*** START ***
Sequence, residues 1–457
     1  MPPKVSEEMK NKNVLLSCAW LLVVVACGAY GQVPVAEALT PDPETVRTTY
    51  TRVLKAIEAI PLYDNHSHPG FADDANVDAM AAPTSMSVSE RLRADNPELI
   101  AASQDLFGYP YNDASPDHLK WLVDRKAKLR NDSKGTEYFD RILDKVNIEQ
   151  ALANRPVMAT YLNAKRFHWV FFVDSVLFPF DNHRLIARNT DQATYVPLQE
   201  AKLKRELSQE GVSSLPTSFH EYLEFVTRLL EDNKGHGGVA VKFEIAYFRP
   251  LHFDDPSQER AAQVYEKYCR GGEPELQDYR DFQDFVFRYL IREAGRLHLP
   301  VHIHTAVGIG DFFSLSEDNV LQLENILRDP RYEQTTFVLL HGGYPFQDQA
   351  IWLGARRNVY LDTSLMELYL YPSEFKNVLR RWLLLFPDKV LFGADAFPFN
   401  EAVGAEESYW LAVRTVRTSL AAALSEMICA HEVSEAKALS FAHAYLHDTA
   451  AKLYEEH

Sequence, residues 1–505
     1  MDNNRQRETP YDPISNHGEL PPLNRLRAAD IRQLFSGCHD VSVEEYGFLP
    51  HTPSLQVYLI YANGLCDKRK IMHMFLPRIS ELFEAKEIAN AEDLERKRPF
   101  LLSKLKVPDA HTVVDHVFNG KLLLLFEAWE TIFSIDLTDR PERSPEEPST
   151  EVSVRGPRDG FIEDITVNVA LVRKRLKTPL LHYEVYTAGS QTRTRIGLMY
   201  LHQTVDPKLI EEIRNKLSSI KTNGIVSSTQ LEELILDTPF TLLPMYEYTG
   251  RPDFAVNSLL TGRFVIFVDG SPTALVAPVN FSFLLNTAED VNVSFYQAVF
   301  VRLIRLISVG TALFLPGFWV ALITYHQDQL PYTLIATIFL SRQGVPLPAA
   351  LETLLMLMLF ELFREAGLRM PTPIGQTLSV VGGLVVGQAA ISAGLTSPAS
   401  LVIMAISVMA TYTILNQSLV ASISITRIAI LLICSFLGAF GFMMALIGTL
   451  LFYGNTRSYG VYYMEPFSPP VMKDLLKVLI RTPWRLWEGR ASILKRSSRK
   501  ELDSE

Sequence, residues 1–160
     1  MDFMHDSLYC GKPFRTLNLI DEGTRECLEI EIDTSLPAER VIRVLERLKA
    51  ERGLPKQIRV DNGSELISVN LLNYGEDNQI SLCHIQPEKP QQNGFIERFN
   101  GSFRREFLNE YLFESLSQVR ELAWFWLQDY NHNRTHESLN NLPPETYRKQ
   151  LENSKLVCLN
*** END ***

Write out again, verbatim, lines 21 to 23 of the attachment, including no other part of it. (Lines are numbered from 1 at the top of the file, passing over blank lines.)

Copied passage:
   401  LVIMAISVMA TYTILNQSLV ASISITRIAI LLICSFLGAF GFMMALIGTL
   451  LFYGNTRSYG VYYMEPFSPP VMKDLLKVLI RTPWRLWEGR ASILKRSSRK
   501  ELDSE